AtoZ Nutra Pills Let's skip to the first half of the 20th century for some additional perspective and to
bring us up to more modern times. After the civil war there were steady improvements in American
medicine in both the understanding and treatment of certain diseases, new surgical techniques and in
physician education and training. But for the most part the best that doctors could offer their patients was
a "wait and see" approach. Medicine could handle bone fractures and increasingly attempt risky surgeries
(now largely performed in sterile surgical environments) but medicines were not yet available to handle
serious illnesses. The majority of deaths remained the result of untreatable conditions such as
tuberculosis, pneumonia, scarlet fever and measles and/or related complications. Doctors were
increasingly aware of heart and vascular conditions, and cancer but they had almost nothing with which to
treat these conditions.
This very basic review of American medical history helps us to understand that until quite recently
(around the 1950's) we had virtually no technologies with which to treat serious or even minor ailments.
Here is a critical point we need to understand; "nothing to treat you with means that visits to the doctor if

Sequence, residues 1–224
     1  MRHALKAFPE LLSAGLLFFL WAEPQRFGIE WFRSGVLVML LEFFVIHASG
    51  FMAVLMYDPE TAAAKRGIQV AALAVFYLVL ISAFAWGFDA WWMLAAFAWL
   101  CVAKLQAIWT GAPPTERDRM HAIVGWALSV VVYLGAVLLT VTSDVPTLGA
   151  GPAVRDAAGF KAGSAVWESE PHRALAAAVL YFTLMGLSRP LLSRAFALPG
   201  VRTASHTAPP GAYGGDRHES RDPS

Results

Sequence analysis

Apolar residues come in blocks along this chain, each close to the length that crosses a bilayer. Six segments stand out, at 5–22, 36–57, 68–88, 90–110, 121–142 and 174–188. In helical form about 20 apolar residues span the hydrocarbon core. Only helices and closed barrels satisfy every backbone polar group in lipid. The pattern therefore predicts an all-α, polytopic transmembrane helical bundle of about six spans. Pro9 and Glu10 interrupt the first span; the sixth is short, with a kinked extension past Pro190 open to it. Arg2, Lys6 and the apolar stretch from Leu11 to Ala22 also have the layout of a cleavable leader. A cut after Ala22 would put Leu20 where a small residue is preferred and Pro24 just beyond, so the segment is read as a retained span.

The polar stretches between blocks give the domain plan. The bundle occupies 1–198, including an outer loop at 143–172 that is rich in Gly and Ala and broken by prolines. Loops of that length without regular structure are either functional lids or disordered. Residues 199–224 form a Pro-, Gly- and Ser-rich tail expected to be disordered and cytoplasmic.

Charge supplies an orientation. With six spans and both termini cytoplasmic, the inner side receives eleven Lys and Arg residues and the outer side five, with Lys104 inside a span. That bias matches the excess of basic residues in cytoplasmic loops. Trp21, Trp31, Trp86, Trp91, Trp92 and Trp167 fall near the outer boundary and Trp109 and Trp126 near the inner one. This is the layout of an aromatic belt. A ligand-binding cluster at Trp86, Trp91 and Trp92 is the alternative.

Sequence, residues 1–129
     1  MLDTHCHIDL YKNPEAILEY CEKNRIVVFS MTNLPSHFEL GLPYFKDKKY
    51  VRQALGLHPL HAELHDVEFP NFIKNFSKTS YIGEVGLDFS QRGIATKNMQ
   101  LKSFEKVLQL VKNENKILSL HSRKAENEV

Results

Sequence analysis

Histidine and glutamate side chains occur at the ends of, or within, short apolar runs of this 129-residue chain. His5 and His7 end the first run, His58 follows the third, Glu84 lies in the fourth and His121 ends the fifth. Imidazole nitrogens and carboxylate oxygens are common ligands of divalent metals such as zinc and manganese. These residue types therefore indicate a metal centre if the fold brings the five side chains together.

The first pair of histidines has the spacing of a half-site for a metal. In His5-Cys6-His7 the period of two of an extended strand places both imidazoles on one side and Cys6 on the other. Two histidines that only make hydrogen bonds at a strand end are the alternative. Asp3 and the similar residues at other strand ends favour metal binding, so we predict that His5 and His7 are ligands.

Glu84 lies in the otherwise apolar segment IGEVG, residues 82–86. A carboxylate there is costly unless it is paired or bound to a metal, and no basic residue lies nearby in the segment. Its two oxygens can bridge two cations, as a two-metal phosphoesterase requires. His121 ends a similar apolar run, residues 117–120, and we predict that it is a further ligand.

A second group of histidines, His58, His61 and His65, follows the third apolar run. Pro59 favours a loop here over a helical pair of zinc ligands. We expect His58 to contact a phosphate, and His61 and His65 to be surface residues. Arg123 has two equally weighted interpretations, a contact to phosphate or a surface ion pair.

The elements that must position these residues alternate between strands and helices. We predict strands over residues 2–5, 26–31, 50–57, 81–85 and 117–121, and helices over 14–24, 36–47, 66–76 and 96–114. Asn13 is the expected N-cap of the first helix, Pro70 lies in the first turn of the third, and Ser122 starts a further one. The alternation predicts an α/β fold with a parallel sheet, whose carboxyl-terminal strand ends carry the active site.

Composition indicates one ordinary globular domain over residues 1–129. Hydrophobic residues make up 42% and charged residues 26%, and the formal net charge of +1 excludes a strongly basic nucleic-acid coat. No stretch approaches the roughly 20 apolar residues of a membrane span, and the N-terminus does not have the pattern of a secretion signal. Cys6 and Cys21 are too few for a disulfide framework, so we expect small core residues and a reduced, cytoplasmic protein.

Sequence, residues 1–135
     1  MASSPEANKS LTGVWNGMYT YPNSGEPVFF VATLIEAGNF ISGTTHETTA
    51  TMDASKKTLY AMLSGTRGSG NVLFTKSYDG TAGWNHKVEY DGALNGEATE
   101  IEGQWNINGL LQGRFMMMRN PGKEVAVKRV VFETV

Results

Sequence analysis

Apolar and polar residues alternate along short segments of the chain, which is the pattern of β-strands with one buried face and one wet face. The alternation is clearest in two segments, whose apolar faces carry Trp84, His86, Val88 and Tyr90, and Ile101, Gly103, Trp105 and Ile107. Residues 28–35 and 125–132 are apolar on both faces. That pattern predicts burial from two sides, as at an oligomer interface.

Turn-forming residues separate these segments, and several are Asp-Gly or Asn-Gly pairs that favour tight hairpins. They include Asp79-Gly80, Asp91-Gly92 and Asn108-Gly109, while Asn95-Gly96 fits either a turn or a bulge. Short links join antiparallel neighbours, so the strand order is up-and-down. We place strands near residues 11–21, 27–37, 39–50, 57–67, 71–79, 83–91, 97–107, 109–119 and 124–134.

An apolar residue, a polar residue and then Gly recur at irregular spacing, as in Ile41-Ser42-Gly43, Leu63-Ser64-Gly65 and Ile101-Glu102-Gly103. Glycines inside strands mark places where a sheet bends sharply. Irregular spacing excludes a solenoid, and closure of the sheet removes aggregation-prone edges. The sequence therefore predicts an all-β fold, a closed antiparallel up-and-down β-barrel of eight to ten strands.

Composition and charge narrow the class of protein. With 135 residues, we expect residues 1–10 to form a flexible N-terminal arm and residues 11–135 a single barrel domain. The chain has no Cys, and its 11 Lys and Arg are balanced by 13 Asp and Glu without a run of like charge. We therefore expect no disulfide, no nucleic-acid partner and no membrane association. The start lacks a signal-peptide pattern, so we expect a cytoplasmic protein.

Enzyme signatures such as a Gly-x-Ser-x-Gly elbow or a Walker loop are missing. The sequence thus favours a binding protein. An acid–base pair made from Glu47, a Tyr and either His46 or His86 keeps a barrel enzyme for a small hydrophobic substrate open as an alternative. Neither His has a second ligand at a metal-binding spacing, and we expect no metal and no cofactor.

at all were relegated to emergencies so in such a scenario costs are curtailed. The simple fact is that there
was little for doctors to offer and therefore virtually nothing to drive health care spending. A second
factor holding down costs was that medical treatments that were provided were paid for out-of-pocket,
meaning by way of an individuals personal resources. There was no such thing as health insurance and
certainly not health insurance paid by an employer. Except for the very destitute who were lucky to find
their way into a charity hospital, health care costs were the responsibility of the individual.
What does health care insurance have to do with health care costs? Its impact on health care costs has
been, and remains to this day, absolutely enormous. When health insurance for individuals and families
emerged as a means for corporations to escape wage freezes and to attract and retain employees after
World War II, almost overnight a great pool of money became available to pay for health care. Money, as
a result of the availability of billions of dollars from health insurance pools, encouraged an innovative
America to increase medical research efforts. More Americans became insured not only through private,
employer sponsored health insurance but through increased government funding that created Medicare
and Medicaid (1965). In addition funding became available for expanded veterans health care benefits.
Finding a cure for almost anything has consequently become very lucrative. This is also the primary
reason for the vast array of treatments we have available today.